Twitter requests a three-month extension to comply with India’s new intermediary guidelines, says it is concerned about 'intimidation tactics'
With WhatsApp suing the Indian government over the
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Twitter, which witnessed a police raid on its offices in Delhi and
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Stressing that it will strive to comply with applicable law in India, a Twitter spokesperson said in a statement that right now, "we are concerned by recent events regarding our employees in
"We, alongside many in civil society in India and around the world, have concerns with regards to the use of intimidation tactics by the police in response to enforcement of our global Terms of Service, as well as with core elements of the new IT Rules," Twitter said in its first reaction after the police raids on its offices.
On Monday, Delhi Police visited Twitter India's local offices in the National Capital Region after Twitter had marked one of the tweets of BJP spokesperson Sambit Patra as "manipulated media".
Twitter's presumptive judgement has triggered widespread outrage among Indian users across the country.
The company spokesperson said that it plans to advocate for changes to elements of these regulations that inhibit free, open public conversation.
"We will continue our constructive dialogue with the Indian government and believe it is critical to adopt a collaborative approach. It is the collective responsibility of elected officials, industry, and civil society to safeguard the interests of the public," the spokesperson said.
The new rules notified in the gazette of India on February 25 under the Intermediary Guidelines and Digital Media Ethics Code Rules, 2021, came into effect from May 26.
WhatsApp has moved the
Electronics and IT Minister Ravi Shankar Prasad has said the government is committed to the right to privacy, but simultaneously it also has to maintain law and order and ensure national security.
The Union Ministry of Electronics and IT has written to the social media platforms, directing them to respond on their compliance to the new digital rules as soon as possible.
Facebook has said that the company aims to comply with the provisions of the new intermediary guidelines and is working towards it.
Twitter said in its fresh statement that it is particularly concerned about the requirement to make an individual (the compliance officer) criminally liable for content on the platform, the requirements for proactive monitoring, and the blanket authority to seek information about our customers.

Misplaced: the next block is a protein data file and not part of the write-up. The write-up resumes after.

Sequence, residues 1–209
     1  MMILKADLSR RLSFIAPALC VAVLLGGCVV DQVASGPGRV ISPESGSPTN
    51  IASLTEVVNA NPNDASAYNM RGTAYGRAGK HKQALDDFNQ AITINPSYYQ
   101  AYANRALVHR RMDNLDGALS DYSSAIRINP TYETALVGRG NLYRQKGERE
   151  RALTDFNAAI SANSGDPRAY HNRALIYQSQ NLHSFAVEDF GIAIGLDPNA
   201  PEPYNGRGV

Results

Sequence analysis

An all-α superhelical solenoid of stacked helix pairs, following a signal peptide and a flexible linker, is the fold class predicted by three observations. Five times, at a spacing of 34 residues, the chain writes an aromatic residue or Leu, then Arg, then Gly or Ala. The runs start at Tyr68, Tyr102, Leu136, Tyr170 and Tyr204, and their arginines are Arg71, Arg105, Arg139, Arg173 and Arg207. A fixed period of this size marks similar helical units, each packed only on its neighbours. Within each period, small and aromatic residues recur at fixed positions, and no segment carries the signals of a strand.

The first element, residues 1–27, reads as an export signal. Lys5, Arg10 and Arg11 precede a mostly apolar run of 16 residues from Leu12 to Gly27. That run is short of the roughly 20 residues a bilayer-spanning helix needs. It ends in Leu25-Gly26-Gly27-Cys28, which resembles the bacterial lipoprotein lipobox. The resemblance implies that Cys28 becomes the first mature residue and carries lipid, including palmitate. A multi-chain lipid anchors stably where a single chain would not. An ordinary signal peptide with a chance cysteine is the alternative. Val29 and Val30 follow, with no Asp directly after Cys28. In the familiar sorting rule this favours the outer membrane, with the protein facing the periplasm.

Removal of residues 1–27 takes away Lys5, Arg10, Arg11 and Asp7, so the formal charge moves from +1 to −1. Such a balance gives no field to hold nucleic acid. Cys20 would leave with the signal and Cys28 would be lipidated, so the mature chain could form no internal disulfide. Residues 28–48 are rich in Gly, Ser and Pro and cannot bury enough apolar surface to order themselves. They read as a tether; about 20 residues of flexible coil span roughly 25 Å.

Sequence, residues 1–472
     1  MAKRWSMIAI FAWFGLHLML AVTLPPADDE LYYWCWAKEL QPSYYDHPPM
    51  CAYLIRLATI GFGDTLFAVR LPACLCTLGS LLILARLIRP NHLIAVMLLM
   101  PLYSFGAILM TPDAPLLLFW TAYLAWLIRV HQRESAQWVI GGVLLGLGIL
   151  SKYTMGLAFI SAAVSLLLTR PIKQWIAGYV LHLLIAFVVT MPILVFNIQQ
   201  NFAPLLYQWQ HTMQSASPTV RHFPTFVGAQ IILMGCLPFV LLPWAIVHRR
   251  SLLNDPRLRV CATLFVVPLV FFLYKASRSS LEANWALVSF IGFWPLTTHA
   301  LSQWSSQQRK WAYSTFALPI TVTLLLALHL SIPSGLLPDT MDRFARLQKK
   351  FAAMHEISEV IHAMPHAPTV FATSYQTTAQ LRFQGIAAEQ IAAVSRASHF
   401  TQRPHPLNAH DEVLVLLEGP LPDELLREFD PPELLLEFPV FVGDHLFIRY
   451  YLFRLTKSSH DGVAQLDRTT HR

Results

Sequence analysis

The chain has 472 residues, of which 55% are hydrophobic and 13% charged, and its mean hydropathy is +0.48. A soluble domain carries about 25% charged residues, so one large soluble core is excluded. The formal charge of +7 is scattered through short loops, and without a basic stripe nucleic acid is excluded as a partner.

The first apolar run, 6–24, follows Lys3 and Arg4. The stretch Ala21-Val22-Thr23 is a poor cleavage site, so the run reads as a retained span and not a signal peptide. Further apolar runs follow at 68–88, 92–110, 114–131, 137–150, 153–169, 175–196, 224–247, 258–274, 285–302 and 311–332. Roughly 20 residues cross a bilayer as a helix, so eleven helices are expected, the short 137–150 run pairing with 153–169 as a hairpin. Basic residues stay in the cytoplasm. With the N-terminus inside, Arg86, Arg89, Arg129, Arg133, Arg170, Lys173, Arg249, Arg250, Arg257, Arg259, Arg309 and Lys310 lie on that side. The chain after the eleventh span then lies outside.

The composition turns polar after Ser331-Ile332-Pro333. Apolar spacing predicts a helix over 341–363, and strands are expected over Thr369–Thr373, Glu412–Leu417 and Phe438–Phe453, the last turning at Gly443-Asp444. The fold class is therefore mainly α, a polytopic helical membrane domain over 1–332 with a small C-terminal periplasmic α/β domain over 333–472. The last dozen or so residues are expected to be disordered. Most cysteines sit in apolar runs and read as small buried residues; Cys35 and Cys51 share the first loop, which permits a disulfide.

"This represents dangerous overreach that is inconsistent with open, democratic principles," the company argued.
"We urge the Ministry of Electronics and IT to publish these Standard Operating Protocols on procedural aspects of compliance for public consultation. We would request the Ministry to consider a minimum of 3 months extension in order for Twitter to implement the Rules".
Twitter was recently served with a non-compliance notice and have withheld a portion of the content identified in the blocking order under its 'Country Withheld Content' policy.
"The content identified was originally reported to us in the blocking orders issued since February 2021. We maintain that the content reported in the original order constitutes protected, legitimate free speech, under Indian and international law, and we have formally communicated this to the government," the company informed.
Twitter said that it has not taken any action on verified accounts that consist of news media entities, journalists, activists and politicians.
"The escalated content constitutes legitimate free speech. Yet, due to the law's limited scope under Section 69A which gives limited room to an intermediary to defend the content, we have been compelled to withhold in response to a non-compliance notice. Not doing so poses penal consequences with many risks for Twitter employees," the company noted.
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